Written by Katherine M. Trager Friday, 10 August 2012 00:00
Village of Westbury officials updated the public on several items at their regular meeting on Aug. 2, including recent progress in terms of the housing enforcement effort as well as the status of the Post Avenue theater project.
Senior Building Inspector William Mello reported that the Building Department had just completed an eight- to 10-block “neighborhood sweep” to contend with illegal housing in the village.
“Of the 22 houses that we attempted to inspect, we got into 10 of the houses, which is a pretty good rate,” said Mello, adding that the department would make further attempts to inspect the rest of the homes.
Mello indicated that three of the houses inspected had illegal occupancy issues, which resulted in summonses for the homeowners.
“They’re actually due in court next week, so it’s a pretty speedy remedy to some of the problems that we have,” said Mello.
Mello also mentioned that the department is soon scheduled to cover another eight- to10-block area.
“The housing sweeps are effective and they do result in increased cases being brought into our court for prosecution,” Village of Westbury Mayor Peter Cavallaro noted.
Cavallaro cited several of the latest methods used by the village in combating illegal housing, including increased code enforcement personnel, search warrants and higher fines for second- and third-time offenders.
“We’re doing what we can with the resources we have, and hopefully, we will see an impact in reducing the number of illegal occupancies that take place,” said Cavallaro.
The mayor also spoke about current developments on the Post Avenue theater property.
“For many, many months it seemed to just linger, but the developer is making very good progress now and I think we can see some outline of what the theater’s going to look like.
“We have seen the renderings, but when you see the windows go in and some of the architectural features being designed and developed, it’s very satisfying,” Cavallaro said, added that the interior is also coming along nicely.
The theater’s grand opening later this year should bring many patrons to the area, so Cavallaro anticipates the village will take precautions for increased volume along Post Avenue in the coming months.
“There will be challenges that we’re going to have to address in terms of traffic and parking, but we’re going to do whatever we need to do to make sure those things are accommodated.
“I’m hopeful that some time in the late fall or early winter, we’re going to have a grand opening of the theater,” said Cavallaro.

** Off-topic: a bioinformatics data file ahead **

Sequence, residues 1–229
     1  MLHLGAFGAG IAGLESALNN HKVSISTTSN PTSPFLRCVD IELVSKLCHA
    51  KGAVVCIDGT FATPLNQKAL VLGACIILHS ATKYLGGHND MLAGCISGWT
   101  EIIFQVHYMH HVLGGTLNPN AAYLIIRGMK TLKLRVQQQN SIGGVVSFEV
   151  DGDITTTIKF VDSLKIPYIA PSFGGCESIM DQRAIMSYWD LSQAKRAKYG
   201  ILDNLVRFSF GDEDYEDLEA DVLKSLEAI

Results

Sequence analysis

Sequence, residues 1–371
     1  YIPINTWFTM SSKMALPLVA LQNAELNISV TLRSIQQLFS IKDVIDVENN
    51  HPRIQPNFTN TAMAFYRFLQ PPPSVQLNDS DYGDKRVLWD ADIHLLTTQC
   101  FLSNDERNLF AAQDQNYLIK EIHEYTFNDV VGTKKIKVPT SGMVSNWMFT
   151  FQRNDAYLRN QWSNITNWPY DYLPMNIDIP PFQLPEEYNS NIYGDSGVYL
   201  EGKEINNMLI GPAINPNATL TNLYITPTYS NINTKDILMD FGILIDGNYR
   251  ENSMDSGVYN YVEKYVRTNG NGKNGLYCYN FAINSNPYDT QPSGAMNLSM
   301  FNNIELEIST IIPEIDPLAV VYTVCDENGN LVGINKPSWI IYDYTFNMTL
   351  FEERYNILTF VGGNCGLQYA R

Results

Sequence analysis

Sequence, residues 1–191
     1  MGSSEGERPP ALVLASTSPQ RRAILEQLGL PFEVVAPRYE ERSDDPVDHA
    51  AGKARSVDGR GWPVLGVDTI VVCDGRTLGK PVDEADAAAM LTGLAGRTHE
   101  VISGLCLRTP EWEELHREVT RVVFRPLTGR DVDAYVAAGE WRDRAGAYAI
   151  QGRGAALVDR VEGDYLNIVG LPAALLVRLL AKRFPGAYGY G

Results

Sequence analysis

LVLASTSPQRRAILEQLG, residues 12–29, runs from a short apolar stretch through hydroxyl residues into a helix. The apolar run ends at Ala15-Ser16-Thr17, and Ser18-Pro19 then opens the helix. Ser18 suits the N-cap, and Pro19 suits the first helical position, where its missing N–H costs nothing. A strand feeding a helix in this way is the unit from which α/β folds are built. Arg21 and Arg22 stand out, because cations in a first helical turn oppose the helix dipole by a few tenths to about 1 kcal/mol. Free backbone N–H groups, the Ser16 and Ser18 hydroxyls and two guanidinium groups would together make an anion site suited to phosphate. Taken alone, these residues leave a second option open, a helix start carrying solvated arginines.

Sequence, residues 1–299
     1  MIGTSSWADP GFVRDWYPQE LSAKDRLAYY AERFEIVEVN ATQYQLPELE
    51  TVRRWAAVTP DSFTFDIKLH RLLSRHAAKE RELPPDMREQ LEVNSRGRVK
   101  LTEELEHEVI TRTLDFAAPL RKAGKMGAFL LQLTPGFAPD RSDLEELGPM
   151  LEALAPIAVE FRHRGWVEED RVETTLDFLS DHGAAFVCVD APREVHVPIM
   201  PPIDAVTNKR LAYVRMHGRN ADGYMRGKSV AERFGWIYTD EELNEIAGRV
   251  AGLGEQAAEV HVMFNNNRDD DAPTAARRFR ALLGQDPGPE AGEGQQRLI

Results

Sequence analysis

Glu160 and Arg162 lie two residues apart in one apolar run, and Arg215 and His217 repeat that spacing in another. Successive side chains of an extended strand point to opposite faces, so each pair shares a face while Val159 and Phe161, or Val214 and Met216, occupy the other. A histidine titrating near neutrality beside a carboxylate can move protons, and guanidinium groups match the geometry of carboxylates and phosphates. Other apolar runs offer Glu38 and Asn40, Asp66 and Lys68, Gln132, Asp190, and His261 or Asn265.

The village board also held three public hearings to enact new amendments to the village code.
One amendment required that taxicabs licensed in the village have clearly visible identification lettering for better regulation purposes. Another amendment reduced parking restrictions on Owen Street at the request of residents.
The final local law amending several sections of the code required that the village clerk be given prior written notice of unsafe street or sidewalk conditions before the village can be held liable for injuries suffered by the condition. The new law also expanded the code’s definition of a street or sidewalk to include other areas, such as parking lots.
The mayor explained, “Basically, if somebody wants to sue the village because he or she got hurt on something that’s other than a street or a sidewalk, we’re requiring proper notice before we can have a liability.”
The mayor also discussed upcoming road improvement projects and the eventual replacement of the Ellison Avenue bridge.
“We assessed all the roads, and we came up with a list of roads to do this year,” said Cavallaro.
“Some of them are contingent upon receiving certain state monies that have been approved, and we’re just waiting to receive them.
“As soon as the money comes in, those roads will be done, but in the meantime, we’ll be doing the sidewalks and the roads that we have allocated funds for over the next couple of months,” he continued.
Cavallaro also mentioned the future Ellison Avenue bridge replacement plan, which will probably take place in about a year.
“We have a preliminary road closure plan to re-route the traffic, and we’ll be refining that once the project gets closer.
“It’ll be difficult, but there is no alternative; that bridge really needs to be done. We’ll be putting out a lot of information when it gets closer as to what’s going to be happening, when it’s going to happen and the duration once we have more definitive information,” the mayor concluded.